Battlestar Galactica: The Complete Series

Movies Reviews Battlestar Galactica
Battlestar Galactica: The Complete Series

DVD Release Date: July 28
Creators: Glenn A. Larson, Ronald D. Moore, David EickThere’s often a dichotomy in art between the epic and the personal. Smaller stories, those dealing with the kinds of challenges we regularly experience—family, romance, friendship, work, money—connect because they’re familiar. We watch epic films like Braveheart or Lord of the Rings to get caught up in struggles much greater than we face and vicariously inherit the satisfaction of seeing them overcome. But we read novels with minimal plots to see people like ourselves make the same stupid mistakes we do and come out on the other side having changed.

Writers: Glenn A. Larson, Ronald D. Moore
Starring: Edward James Olmos, Mary McDonnell, James Callis, Katee Sackhoff
Studio: SciFi

Science fiction is almost entirely the domain of epic stories—working through a relationship gets completely overshadowed with the fate of humanity on the line. This is one of the main things sci-fi fans love about the genre and also what many people hate about it. So when people say that Battlestar Galactica is a show with a broader appeal than sci-fi, this is partly what they’re getting at.

Certainly, it’s an epic tale—it begins with the near annihilation of humanity, a culture spread across 12 planets but with many similarities to 21st-century Earth. The villains are Cylons, intelligent robots who believe that human extinction is the key to their own survival. And nearly every episode takes place aboard a single spaceship. On paper, it’s got everything to set off those with sci-fi allergies.

But over four seasons, it does a better job than any sci-fi film, book or TV show, of telling small stories. Unlike the Utopian crew of Star Trek’s Enterprise, each of the major characters has significant flaws. Even with only 50,000 survivors facing a single oppressor, humanity has a difficult time uniting. First, there’s the issue of the military taking control of a society used to its freedom. The tension between President Laura Roslyn (Mary McDonnell) and Commander William Adama (Edward James Olmos) is among the show’s most compelling threads. An inexperienced education minister, Rosyln finds herself promoted to the top post when no other senior government officials survive the initial attack. She pushes for a restoration to democracy, while Adama is hesitant to reliquish any decision-making in the face of the Cylon threat. Complicating things are Roslyn’s religious visions—a controversial experience among polytheistic cultures of varying degrees of observance. The challenges the leaders face are of a higher magnitude than we’ve experienced on earth, but the moral squirming and self-justification are all too familiar in politics today.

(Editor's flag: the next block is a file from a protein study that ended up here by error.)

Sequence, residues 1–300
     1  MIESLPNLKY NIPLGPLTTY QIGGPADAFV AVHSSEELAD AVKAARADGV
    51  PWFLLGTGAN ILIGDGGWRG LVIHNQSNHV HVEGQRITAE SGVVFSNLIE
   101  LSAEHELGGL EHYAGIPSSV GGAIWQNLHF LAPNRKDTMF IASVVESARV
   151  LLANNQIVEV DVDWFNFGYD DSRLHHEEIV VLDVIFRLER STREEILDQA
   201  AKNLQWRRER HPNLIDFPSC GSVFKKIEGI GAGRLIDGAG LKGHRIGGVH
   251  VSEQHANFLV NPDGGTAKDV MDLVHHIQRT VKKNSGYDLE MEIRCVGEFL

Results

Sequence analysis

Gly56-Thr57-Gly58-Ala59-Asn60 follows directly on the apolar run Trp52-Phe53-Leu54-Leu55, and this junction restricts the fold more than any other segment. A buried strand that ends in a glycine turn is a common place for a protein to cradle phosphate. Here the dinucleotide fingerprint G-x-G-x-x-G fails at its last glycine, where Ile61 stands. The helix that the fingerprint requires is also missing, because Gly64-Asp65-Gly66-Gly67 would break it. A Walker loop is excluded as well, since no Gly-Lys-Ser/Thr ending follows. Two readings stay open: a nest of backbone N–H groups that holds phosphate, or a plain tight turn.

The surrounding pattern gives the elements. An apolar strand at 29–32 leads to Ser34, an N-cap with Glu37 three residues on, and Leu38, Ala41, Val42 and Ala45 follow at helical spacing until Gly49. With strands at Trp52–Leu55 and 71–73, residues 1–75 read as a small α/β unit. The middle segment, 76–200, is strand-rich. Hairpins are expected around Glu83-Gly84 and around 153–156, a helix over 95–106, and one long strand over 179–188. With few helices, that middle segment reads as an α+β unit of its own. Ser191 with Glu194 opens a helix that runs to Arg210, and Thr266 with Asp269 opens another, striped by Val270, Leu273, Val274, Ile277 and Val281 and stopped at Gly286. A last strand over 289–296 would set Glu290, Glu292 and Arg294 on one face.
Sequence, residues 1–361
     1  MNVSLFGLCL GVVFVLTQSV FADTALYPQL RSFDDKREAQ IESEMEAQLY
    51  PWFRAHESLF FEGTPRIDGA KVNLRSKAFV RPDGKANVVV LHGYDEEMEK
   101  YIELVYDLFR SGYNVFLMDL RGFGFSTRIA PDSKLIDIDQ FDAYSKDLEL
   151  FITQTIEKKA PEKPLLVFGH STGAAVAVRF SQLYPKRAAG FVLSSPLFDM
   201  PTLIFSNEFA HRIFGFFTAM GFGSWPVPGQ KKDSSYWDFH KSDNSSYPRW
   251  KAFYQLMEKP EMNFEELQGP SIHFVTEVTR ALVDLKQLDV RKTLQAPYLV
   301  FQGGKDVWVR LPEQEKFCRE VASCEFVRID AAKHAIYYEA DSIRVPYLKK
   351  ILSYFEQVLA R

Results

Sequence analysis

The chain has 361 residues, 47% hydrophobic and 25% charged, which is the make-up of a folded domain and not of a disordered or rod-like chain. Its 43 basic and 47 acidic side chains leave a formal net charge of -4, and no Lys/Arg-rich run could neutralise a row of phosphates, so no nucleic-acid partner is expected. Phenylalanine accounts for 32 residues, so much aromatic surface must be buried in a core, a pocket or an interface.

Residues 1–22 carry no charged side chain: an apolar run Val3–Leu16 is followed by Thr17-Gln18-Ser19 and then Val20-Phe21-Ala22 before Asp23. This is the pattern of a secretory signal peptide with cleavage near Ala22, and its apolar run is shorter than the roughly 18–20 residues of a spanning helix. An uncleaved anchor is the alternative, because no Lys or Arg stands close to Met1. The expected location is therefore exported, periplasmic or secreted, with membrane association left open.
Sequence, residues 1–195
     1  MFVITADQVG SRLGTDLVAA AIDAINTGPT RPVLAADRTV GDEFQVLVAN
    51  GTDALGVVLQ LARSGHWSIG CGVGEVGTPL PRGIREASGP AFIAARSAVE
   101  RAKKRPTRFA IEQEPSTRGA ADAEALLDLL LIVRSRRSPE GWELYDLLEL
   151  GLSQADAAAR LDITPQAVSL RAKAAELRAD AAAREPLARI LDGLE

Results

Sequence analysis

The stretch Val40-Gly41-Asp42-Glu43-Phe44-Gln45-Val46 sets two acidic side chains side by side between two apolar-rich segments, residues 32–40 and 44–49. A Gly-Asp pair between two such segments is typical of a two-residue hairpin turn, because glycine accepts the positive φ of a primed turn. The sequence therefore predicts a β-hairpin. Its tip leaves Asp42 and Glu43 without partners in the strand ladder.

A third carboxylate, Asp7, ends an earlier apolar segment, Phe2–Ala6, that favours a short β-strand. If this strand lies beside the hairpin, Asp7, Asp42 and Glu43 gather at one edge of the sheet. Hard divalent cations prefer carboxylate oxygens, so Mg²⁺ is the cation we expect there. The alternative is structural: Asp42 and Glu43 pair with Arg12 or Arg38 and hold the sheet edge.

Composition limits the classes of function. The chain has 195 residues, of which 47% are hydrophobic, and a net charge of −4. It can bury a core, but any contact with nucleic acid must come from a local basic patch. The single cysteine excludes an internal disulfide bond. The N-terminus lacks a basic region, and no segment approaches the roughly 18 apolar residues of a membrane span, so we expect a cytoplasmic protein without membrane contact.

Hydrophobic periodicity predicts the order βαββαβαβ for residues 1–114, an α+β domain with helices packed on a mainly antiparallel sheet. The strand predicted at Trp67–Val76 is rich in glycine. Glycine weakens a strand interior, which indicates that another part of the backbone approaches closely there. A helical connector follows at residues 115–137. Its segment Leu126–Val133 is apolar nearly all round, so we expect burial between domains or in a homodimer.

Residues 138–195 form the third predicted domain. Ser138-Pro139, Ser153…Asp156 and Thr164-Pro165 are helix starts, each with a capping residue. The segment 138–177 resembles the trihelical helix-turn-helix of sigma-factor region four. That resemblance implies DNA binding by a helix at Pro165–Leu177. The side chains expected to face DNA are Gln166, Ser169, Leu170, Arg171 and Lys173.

Creator Ronald D. Moore took the bare bones of a campy 1970s series and completely reimagined it, bringing a realism that sci-fi hadn’t quite seen before. The ship itself is aging and cramped. Quarters are claustrophobic, leading their inhabitants to live in a hyper-sensitive fishbowl—everyone is in everyone else’s business. Characters like Kara “Starbuck” Thrace (Katee Sackhoff) and Adama’s son Lee “Apollo” (Jamie Bamber) are forced to drag their emotional baggage into the uncomfortable open, which frequently causes them to snap. Ordinary life—love, marriage and raising kids—doesn’t cease just because there’s a war going on. Rosyln keeps a whiteboard with an updated population count, and each of the principle characters changes with every right or wrong decision.

But where Battlestar Galactica trumps other sci-fi stories in the minutia, it also beats them at their own epic game. Each season propels the main story arc along at light speed. A limited number of Cylon models are perfect human replicas—”skinjobs” who’ve infiltrated the human fleet. Their relationship with humanity grows more complex as disagreement arises within their ranks. And humanity’s search for the mythical Earth is full of constant surprises. Nearly every season is better than the last.

With no alien civilizations to discover, Moore turns his lens inward on the species we know best. All the tensions in life are examined: religion vs. science, safety vs. freedom, the needs of the many vs. the needs of the few, conscience vs. loyalty, passion vs. commitment. And the show’s big question—”What does it mean to be human?”—is explored on every level, big and small.

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